In terms of questions, “Nikita” posed a few big ones, but the biggest one won’t be answered until next year when the series comes a definitive close. Over the course of its four seasons, the show was always seemingly on the brink of cancellation, but it always managed to get renewed for another season at the eleventh hour. The first two episodes have clearly indicated that this season will indeed be the last as Q’s Nikita is destined for one final battle with Clarke’s Amanda that will leave only one survivor. Viewers will be waiting for that pivotal battle with bated breath as the remainder of the season will be likely building up to that moment for as long as humanly possible. The show’s first two episodes worked extra hard to demonstrate how Nikita’s absence impacted everyone in different degrees. The most extreme transformation was West’s Michael who became distant and almost robotic by design as the character shut off his emotions for his own sanity. Viewers were eagerly waiting for West’s Michael to finally tell Q’s Nikita how he truly felt about her abandoning him all those months ago. Unfortunately, they had to wait until towards the end of the second episode when West’s Michael finally let loose on Nikita in a way that told her that she made a huge mistake in going on the run. Sure, the show has got to find a way to work out the kinks in The Shop’s double storyline, but let’s hope that future episodes will help to fill in the minor plot holes and put the story into a context that viewers can relate to. Judging by the preview for next week’s episode, that will happen sooner than expected.
As for breakout stars, Q and Fonseca demonstrated two very different heroines who have gone through radical changes since the series premiered. Q’s Nikita has evolved into a ruthless survivor who became the hunter and the hunted in the blink of an eye. She gave Nikita a sense of tough vulnerability that made her fearless, but it also brought up the possibility that the character could potentially alienate the people she loved. Q was exceptionally good at Nikita’s fight scenes, but she also brought a sense of quiet sadness as she realized the damage that she caused to the people that she cared about the most. Q’s most memorable scene came when her character struggled with the decision of whether killing one man was going to lead to the death of an innocent person. Her face contorted into a series of extreme reactions as she pondered whether to pull the trigger, or allow herself to get manipulated once again by Amanda. Luckily, someone made the decision for her in the end so that she didn’t have to truly get her hands dirty, but Q’s shocked reaction still registered even though Nikita didn’t do anything. Fonseca, on the other hand, evolved her once tortured character into a strong voice for female empowerment. Fonseca’s Alex became a public figure who was no longer looking for ways to destroy herself in some desperate act of revenge. Her character now had a different purpose, and her own potential on-screen romance with Sawa’s Owen/Sam. It was clear that Sawa and Fonseca had strong chemistry from their very first scene last season and this season will likely have them working together in closer proximity than ever before. Let’s hope that the show takes it time to evolve the story into something realistic, but not too much time since this is the final season after all.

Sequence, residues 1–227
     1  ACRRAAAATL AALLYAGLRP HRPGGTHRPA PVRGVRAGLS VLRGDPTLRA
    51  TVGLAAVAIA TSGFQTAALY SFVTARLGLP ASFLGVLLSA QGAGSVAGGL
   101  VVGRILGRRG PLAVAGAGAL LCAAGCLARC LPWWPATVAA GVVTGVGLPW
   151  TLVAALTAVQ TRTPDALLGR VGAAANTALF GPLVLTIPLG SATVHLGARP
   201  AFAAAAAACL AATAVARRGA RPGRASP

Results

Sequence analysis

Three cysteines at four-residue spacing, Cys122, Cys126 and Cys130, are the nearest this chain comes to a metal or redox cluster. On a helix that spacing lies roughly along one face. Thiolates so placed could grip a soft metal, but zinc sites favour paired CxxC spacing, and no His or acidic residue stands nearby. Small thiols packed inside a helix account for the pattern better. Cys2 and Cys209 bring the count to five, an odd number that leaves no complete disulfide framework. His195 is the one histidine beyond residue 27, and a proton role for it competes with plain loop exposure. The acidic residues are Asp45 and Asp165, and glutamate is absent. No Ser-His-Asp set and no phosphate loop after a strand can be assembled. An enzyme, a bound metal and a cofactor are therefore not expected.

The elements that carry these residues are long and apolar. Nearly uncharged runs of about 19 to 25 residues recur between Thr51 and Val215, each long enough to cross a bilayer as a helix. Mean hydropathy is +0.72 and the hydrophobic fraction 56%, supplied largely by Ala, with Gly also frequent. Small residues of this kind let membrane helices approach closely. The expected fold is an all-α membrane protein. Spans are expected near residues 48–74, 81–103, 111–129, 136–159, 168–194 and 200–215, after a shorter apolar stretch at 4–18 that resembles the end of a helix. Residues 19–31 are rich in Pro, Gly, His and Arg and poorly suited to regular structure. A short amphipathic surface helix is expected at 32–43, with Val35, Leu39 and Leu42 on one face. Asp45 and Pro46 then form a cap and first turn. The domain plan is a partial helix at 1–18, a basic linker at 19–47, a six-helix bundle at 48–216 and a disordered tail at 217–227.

“Nikita” premiered on November 22nd and airs on Fridays at 9:00 pm on The CW.
Verdict: Q proved to be a dynamic leading lady who mixed action, comedy and enough drama to keep viewers interested as the show’s inevitable end was drawing nearer than expected.
TV Score: 4 out of 5 stars
1 Star (Mediocre)
2 Stars (Averagely Entertaining)
3 Stars (Decent Enough to Pass Muster)
4 Stars (Near Perfect)
5 Stars (Gold Standard)